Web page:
The independent arts in Victoria are thriving. Yet while countless new works are presented, countless more will never be experienced, critiqued or toured beyond their immediate circle. Government partnerships with arts organisations are the only way to create a strategic, long-term commitment to vital, invigorating, enriching art.

Art emerges from complex ecosystems of practitioners, venues, audiences and critics. For arts organisations, multi-year government partnerships provide foundations for new creative risks. In turn, governments learn about contemporary arts practice, feeding that knowledge back into policy.

Right now, two major partnership sources are under review: Arts Victoria’s Organisations Program, which supports about 70 of the state’s 7800-plus small-to-medium arts organisations, and the Australia Council, which is under independent review alongside the development of a national cultural policy development. With the third major local investor, the City of Melbourne, having undergone this process last year, it’s clear just how important arts partnerships are for every level of government.

Community development, education and skills, design, cultural diversity, planning, tourism, employment, health — government objectives in all these areas are achieved by arts organisations. In turn, arts organisations drive innovation across all these policy areas. Substantial corporate and philanthropic partnerships support specific artworks, but only government investment builds the long-term capacities of the entire creative industry.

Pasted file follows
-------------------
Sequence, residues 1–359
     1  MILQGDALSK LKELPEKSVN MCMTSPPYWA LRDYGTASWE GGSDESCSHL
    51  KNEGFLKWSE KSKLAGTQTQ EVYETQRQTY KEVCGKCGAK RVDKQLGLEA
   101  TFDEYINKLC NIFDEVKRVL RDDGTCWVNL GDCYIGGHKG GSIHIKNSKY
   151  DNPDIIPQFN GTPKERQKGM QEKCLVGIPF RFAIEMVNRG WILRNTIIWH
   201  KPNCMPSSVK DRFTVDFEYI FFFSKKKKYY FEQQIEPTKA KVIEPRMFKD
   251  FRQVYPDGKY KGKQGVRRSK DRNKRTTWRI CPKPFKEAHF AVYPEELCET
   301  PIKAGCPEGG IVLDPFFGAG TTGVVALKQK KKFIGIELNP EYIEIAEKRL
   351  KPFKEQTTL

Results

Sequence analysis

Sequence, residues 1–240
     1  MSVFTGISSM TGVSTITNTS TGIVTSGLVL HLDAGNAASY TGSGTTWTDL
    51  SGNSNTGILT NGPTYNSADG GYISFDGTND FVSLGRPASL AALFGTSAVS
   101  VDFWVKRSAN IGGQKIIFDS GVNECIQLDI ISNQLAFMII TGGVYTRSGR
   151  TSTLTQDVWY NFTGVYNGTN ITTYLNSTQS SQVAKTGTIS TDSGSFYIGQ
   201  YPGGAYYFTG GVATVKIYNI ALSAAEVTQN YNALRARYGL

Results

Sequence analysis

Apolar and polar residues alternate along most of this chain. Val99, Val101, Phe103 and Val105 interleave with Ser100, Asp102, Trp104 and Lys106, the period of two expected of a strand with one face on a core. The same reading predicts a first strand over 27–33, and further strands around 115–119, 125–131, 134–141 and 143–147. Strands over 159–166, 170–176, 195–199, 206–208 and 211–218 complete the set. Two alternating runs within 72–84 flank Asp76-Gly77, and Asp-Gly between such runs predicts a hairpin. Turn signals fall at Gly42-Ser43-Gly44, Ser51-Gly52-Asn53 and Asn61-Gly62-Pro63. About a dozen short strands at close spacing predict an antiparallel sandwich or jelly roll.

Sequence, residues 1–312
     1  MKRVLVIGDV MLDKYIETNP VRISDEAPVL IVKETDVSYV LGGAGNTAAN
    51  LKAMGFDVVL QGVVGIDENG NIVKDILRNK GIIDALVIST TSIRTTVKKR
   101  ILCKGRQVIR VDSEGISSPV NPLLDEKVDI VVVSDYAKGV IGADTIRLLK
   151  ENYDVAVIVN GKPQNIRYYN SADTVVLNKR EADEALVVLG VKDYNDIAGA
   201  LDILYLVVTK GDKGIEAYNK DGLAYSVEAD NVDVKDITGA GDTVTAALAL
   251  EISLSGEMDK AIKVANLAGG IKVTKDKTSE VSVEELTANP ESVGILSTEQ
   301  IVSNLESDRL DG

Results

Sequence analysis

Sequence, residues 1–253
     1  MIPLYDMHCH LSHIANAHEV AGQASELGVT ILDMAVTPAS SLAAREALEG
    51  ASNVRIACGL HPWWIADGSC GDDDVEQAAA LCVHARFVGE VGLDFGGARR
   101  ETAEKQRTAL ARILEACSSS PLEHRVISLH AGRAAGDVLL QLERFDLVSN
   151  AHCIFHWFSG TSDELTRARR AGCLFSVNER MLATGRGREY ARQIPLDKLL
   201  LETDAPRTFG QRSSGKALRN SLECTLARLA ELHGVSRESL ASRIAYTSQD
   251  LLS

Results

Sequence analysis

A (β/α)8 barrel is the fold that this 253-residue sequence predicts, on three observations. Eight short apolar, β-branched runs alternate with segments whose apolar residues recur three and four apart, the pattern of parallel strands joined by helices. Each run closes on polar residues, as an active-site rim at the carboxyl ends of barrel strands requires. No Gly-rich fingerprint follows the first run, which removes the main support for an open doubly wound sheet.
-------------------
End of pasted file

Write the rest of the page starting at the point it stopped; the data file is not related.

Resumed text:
The Arts Victoria review has the potential to open up funding to new companies. While all companies submit competitive proposals every three years, most achieve recurrent funding across many years, making it difficult for new organisations to match their strong records. The current funding model has no room to move, and this problem is repeated federally, too. The Australia Council review has recently accepted public submissions, and Arts Victoria has just released a public survey, which is accessible via its website. They’d love to hear your thoughts.

The only way to open up successful organisation programs is to increase government investment. It’s not about substituting new players for old in a zero-sum game; it’s about investing meaningfully and strategically into that complex open system and fostering its evolution.

Let’s extend that thinking. Creative organisations command creative approaches to partnerships — this is why more and more corporates partner with the arts.

Let’s see our government partner with organisations in marketing the independent arts at blockbuster scales beyond “hidden, secret” laneways and “major event” spaces.

Let’s have arts partnerships that harness organisations’ expertise, empowering them to deliver programs at present seen as the government’s responsibility. Devolving professional developmental and leadership programs, for example, encourages experimental approaches that nurture our next generation of artists.

Let’s imagine partnerships based on a targeted stimulus approach, where organisations harness the expertise of the government in modelling ambitious expansion plans, accessing economic-impact tools, or targeting artistic projects to urban renewal priorities.

Youth literature companies could access Department of Education expertise to develop more relevant schools programs, while additional temporary funds support the organisation’s expansion. Places Victoria could collaborate with organisations creating temporary site-specific works as opposed to one-off pieces of public sculpture, with temporary stimulus funding the new work. Such short-term intensives yield dazzling long-term results as new audiences, partners and ideas are developed.

The most valuable legacy that Arts Minister Ted Baillieu can create is to expand Arts Victoria’s Organisations Program. Now is the ideal time to make an investment in the state’s creative future.



First published in The Age on 19 March 2012